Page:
This will be the worst article I have ever written. Some would argue that that's a tall order, as I get a decent amount of hate mail assuring me that every article I write is the worst article I have ever written. The majority of you feel the opposite way, however, and I thank you for that. I am pretty awesome, and I could probably drop-kick a tree so hard that it releases delicious nuts and berries filled with money and alcohol so that every time I'm in a forest we will always be having a party. So awesome that I feel I am able to write an article, on a comedy website, explaining to you the meaning of life. The purpose for your very existence, the existence of our species, and the nature of all that is. Tall order for a guy who made a horribly insensitive progeria joke in an article about kids' movies. I will not do it justice.
Why bother writing an article about the meaning of life when so few of you will agree with what I say and with full on knowledge I'm going to get it wrong? Because maybe I won't.
The Search for Meaning
Hinduism is widely considered the oldest religion in the world. There's evidence from thousands and thousands of years ago of funerary rituals and statuary being buried with the dead, but the meanings behind all of that have been lost. Hinduism is generally the most organized form of religion that has survived and is understandable for you and me. What do you know about Hinduism that wasn't taught to you by Apu, assuming you're not a Hindu yourself? It's safe to say you probably only have a passing familiarity with it.
Because Hinduism is actually a large number of beliefs and traditions that are all tossed together, it seems a little complex, but for the purposes of understanding the meaning of life, you need to know only a few key points: Hinduism, the oldest major religion humanity has, is concerned with the knowledge of truth and reality, moral order, and right actions. In so many words, a good Hindu is someone who does right and seeks the truth. He is tolerant of others and acts in a good way. Sound familiar? It's pretty much every major religion ever.
"We all copied off the same guy's test."
How did it come to pass that, as a basic tenet of Christianity, we are supposed to love our neighbors as we love ourselves? And those who follow the Muslim faith are to pardon and forgive others, for Allah loves those who do good to others? All major religions that people adhere to en masse have the same message, because it's a good one: do good, be good, and everything is good. Only an idiot would argue with that, right? This is the point where you ignore our history of religious intolerance and bigotry and agree that, fundamentally, every human who is "normal" believes the same thing. Theists, atheists, and agnostics likely all believe or will pay lip service to the ideal that we should treat each other as we want to be treated. We should be nice and not harm or steal from one another. In fact, I will argue that you can't reasonably, rationally propose another method of existence. No sane person could do so with sincerity, because to propose a world in which it is OK to harm some, to kill some, to steal from some, is to readily accept that you are OK with being harmed and killed yourself, for any arbitrary reason, and I believe no one who is rational would ever accept that. So it's wrong.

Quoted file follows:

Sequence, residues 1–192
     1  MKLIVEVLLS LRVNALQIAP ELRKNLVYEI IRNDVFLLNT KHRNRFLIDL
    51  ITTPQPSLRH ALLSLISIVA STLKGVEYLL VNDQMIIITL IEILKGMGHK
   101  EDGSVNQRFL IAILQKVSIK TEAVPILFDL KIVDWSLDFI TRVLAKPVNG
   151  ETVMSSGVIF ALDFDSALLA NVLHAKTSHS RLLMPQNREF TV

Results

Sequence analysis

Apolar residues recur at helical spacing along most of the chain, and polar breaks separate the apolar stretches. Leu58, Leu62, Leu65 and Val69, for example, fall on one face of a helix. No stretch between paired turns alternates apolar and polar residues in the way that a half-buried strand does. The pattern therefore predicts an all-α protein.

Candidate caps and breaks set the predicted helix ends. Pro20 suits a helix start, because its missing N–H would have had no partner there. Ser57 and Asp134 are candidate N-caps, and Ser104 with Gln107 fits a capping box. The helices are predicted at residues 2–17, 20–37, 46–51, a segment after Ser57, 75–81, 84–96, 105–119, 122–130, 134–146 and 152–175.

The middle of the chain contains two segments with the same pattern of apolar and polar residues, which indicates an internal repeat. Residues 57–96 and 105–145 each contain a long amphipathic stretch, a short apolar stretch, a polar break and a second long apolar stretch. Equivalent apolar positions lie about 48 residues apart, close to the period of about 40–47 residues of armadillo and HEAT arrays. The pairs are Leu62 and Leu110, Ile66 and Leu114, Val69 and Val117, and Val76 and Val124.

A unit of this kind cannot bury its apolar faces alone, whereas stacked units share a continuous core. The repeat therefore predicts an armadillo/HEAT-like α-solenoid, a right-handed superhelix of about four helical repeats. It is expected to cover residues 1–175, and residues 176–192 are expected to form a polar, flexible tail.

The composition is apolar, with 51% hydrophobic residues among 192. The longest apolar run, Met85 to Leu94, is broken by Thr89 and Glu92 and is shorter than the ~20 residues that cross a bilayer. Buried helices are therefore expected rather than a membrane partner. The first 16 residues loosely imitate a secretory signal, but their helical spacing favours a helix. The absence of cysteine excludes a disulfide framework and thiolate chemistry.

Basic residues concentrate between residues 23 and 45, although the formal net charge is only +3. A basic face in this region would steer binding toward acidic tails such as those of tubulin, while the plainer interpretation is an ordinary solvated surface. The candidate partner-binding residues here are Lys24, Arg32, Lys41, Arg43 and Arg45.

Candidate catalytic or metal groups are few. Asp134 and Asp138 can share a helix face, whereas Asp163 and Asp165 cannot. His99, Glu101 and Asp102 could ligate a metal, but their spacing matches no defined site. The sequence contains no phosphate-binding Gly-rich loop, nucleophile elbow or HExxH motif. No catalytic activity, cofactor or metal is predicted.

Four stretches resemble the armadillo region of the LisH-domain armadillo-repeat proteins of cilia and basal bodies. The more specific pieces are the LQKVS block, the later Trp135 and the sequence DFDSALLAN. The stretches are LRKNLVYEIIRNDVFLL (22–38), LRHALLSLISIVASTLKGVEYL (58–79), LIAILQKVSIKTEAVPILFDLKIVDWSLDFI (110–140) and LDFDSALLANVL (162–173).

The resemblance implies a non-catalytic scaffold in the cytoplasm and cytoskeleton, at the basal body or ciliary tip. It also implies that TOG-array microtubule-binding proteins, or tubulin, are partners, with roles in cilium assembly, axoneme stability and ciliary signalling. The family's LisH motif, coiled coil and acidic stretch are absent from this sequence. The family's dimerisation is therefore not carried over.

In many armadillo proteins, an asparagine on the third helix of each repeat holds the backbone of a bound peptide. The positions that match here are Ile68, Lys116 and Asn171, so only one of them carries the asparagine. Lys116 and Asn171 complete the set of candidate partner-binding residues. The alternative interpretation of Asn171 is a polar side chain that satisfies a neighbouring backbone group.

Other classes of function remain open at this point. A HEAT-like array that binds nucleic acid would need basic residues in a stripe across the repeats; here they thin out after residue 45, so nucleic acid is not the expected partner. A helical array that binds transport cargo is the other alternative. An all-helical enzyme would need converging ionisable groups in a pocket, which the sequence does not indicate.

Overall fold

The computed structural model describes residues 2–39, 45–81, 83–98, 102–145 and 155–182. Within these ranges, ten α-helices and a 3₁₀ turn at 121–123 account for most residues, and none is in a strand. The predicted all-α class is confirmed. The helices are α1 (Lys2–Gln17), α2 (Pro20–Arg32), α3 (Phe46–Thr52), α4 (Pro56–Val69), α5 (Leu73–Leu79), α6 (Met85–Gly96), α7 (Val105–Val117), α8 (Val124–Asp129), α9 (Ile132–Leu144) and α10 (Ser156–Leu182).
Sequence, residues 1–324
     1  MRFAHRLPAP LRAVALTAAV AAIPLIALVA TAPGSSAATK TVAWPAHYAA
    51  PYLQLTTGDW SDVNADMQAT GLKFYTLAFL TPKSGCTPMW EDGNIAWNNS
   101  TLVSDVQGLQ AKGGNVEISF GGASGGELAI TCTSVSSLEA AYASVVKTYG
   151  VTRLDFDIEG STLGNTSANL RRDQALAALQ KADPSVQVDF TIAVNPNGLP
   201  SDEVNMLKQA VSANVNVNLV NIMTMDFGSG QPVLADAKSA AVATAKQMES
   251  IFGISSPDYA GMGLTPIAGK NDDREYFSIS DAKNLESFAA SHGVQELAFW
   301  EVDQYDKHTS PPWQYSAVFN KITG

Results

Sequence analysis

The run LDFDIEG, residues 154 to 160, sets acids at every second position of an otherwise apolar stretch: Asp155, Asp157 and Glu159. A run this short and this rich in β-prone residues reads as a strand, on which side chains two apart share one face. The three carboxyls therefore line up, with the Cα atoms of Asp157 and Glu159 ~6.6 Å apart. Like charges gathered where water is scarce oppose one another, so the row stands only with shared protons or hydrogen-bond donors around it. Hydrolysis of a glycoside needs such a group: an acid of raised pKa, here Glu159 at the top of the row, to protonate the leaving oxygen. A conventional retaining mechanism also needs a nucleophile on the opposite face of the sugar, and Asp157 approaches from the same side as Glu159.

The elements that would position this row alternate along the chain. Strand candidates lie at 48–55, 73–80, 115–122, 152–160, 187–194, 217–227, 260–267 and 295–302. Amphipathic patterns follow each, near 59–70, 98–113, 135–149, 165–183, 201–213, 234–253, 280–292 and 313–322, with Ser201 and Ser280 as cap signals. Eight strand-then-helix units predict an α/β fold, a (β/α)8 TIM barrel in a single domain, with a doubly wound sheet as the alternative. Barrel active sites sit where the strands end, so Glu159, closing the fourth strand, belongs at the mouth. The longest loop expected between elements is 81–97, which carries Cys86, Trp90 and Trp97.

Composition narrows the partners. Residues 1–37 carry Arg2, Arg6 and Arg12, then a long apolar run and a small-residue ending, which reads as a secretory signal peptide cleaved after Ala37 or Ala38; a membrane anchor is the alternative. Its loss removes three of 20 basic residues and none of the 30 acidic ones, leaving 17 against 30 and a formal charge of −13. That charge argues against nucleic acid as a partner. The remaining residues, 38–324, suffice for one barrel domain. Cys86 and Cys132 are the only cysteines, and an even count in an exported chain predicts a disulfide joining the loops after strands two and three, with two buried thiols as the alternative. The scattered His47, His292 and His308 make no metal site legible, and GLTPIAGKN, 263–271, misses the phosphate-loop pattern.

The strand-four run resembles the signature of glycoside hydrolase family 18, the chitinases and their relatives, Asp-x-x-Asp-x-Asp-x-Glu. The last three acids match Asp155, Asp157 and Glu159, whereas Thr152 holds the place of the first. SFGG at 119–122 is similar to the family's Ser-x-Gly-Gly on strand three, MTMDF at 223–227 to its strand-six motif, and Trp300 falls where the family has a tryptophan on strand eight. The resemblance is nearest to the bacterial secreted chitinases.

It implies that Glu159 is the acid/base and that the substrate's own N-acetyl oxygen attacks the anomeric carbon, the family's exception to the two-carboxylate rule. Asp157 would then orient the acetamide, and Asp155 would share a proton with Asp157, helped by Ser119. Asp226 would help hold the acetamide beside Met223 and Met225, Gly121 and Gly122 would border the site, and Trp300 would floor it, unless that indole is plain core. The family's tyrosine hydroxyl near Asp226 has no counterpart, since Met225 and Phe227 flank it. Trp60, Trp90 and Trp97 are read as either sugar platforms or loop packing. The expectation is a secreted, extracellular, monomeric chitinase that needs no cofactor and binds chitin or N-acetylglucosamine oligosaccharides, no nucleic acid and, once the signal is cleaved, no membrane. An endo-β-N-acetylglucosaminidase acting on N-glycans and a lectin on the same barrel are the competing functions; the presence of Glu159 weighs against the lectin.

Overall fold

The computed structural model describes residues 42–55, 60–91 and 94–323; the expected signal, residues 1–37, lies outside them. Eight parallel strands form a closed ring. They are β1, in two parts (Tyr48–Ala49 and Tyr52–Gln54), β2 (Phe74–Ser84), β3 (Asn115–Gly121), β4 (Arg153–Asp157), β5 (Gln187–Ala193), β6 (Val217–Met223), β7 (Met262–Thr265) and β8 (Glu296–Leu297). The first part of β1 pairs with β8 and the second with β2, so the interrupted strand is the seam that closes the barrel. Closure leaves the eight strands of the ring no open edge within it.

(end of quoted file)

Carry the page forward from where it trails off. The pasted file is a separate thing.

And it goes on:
It's a reasonable argument to make that we believe goodness is not a construct of man. Goodness and the idea of what it means to be good exist independent of man (even of God, whether you believe in it or not). Goodness and rightness exist independent of us and are things we aspire to, and that's why all religions, throughout all time, have included these things. It's no accident or crazy coincidence. So a major aspect of simply existing is doing good. Being good. And by this definition, it's a pretty passive thing. It doesn't take a lot of effort. Not harming someone else is as simple as staying in bed instead of stabbing your mailman. Not stabbing the mailman is a good thing. You did well today.
"I enjoy not being stabbed! Thanks!"
I don't want to make anyone think I'm suggesting that the meaning of life is to be found in religion. Religion, I would argue, is a good place to start looking, because it tries to answer those tough questions of how and why things are, and it's how people have organized themselves for a hell of a long time. It's like learning sex tips from an elderly person -- they have the history to back them up, even if the reality of their involvement in it is horrifying.